Art Informel

The artists associated with Art Informel are sometimes called the international equivalents of the Abstract Expressionists. Coming to prominence in the years following World War II, they rejected pre-War art logic and made paintings from improvisation and experimentation. But unlike Abstract Expressionism, Art Informel wasn’t so much an art movement as it was an umbrella term for a number of loosely related art movements, all of which had one thing in common: the rejection of reason in favor of intuition.

Lyrical Abstraction sits underneath this umbrella term Art Informel.

[The] common attitude among artists at the time [was] that historical logic is what had gotten the world into its tragic mess and that everything had to change. Many embarked on a quest for something deeper than logic that could guide their art. Seeking something to which all humans could relate they abandoned form. They abandoned planning. For the first time in art history, rather than beginning with an idea and then finishing with a painting, painters simply began painting, guided by instinct, letting their gestures, mediums and subconscious feelings guide their creations. Only when their works were finished did they venture to assign them meaning.

In the US this thinking rose to be Abstract Expressionism. In Europe there developed a few different groups of which Art Informel is the umbrella term. The most famous group under the Art Informel umbrella is ‘Tachism’ which is the European equivalent of Abstract Expressionism.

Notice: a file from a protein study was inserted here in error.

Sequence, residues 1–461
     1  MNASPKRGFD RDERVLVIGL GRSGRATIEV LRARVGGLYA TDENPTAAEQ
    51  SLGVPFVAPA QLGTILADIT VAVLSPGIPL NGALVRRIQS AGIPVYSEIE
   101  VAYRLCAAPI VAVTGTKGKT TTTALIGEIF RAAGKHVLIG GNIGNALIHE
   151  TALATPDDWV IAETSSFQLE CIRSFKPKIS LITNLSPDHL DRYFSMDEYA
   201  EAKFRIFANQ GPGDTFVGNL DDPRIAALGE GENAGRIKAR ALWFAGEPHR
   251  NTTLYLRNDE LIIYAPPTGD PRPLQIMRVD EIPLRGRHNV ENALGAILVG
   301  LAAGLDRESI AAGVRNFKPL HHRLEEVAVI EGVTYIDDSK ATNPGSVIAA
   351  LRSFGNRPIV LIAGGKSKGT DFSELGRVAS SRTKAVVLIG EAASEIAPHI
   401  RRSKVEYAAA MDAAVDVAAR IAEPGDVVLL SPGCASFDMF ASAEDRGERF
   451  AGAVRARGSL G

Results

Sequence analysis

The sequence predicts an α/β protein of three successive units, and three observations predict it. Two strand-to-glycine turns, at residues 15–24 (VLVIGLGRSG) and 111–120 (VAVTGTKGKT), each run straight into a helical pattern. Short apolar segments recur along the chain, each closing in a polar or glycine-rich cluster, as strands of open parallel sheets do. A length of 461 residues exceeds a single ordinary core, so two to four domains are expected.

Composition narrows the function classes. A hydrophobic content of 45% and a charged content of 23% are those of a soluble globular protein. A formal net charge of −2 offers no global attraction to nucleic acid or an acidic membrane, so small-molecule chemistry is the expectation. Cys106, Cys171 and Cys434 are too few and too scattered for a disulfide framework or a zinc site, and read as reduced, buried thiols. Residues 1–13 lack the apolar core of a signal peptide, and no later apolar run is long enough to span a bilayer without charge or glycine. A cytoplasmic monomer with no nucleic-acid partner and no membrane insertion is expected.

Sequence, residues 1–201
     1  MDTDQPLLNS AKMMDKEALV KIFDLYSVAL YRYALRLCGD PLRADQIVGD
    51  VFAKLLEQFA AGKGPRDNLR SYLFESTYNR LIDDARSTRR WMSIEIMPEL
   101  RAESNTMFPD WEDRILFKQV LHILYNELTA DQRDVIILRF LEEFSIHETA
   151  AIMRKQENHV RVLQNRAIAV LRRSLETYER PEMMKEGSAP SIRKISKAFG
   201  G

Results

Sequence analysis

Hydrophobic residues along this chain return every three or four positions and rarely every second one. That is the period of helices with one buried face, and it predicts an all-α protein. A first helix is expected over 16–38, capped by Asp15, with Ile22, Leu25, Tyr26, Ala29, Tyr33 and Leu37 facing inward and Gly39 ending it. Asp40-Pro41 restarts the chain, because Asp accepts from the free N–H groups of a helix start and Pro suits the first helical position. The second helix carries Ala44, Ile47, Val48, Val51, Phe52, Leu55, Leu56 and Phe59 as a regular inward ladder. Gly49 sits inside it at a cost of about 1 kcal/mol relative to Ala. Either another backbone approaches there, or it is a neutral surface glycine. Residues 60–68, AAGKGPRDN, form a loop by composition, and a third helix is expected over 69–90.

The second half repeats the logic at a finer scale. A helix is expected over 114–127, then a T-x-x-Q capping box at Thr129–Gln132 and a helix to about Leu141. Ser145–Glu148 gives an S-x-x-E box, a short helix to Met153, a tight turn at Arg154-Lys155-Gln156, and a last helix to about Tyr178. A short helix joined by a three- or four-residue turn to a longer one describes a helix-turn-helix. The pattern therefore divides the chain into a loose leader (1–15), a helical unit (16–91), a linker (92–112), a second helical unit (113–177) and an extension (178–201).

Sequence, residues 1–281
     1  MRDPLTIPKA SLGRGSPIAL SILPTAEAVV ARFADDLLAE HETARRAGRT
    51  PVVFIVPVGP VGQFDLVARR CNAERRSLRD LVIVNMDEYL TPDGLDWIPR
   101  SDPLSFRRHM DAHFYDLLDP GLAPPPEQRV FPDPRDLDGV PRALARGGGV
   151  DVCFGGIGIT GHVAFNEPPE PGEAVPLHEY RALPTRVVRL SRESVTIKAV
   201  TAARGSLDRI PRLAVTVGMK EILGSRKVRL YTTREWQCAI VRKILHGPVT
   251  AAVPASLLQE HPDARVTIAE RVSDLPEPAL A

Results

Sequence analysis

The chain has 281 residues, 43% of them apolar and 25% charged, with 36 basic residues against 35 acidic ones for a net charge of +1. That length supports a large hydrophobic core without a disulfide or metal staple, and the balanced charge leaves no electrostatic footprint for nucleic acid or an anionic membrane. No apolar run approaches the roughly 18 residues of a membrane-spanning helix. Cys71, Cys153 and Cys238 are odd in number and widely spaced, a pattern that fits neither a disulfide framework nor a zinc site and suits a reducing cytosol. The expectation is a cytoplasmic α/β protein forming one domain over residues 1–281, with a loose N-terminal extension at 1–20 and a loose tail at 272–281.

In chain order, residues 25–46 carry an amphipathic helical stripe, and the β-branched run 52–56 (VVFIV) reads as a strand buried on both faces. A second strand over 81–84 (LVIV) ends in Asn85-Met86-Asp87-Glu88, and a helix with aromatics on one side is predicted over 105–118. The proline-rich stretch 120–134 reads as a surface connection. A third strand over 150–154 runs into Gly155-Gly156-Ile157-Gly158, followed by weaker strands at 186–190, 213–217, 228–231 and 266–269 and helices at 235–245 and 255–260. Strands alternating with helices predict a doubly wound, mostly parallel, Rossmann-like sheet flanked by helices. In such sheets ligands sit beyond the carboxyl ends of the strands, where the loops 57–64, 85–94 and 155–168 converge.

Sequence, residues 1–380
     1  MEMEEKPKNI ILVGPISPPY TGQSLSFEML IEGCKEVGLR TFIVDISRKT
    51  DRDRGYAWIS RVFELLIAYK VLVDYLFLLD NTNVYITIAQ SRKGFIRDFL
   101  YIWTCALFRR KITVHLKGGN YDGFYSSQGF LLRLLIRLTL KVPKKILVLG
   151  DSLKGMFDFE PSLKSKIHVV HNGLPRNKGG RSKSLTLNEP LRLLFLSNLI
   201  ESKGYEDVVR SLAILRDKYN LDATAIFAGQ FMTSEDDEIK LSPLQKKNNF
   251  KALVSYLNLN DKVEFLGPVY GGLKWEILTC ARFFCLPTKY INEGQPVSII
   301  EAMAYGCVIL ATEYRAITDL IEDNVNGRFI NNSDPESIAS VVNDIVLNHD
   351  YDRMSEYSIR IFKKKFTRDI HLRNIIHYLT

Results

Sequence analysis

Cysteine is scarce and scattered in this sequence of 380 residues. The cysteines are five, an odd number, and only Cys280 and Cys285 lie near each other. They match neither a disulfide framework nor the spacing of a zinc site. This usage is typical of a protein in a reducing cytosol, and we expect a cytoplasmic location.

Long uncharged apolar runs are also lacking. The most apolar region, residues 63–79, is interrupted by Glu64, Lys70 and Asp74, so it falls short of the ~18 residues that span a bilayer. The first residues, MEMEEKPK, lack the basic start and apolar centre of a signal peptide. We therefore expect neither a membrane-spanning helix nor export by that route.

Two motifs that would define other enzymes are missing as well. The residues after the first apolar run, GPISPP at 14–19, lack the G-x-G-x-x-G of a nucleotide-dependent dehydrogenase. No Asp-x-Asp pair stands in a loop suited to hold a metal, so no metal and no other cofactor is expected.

The unifying, driving force that guided all participants in Art Informel was what the Surrealists called automatism: actions without conscious premeditation… Perhaps this way of making art helped the entire culture to re-imagine civilization through a return to primitivism… [The] most consequential about Art Informal was its aspect of improvisation. It was pure personal expression. It elevated the importance of the individual artist. It valued self-discovery, and encouraged viewers to interpret the work, offering them a chance to discover themselves as well.

Art Informel were so intimately connected to the inner psychological workings of the individual artists who made them, they can be seen as truly humanistic. They elevate the precious nature of the individual above all else. After decades of so-called civilization doing everything in its power to make individuals feel worthless except as bullet sponges, workers, corpses and tools, the artists of Art Informel reversed the tide, returning individual creative dignity to a world in desperate need.

What is it that makes my paintings new, modern, contemporary? The rise of secularisation? The decreasing wild spaces in Britain? The personal benefits one can get from being in nature? Is this about how I frame my work or the work itself or both?

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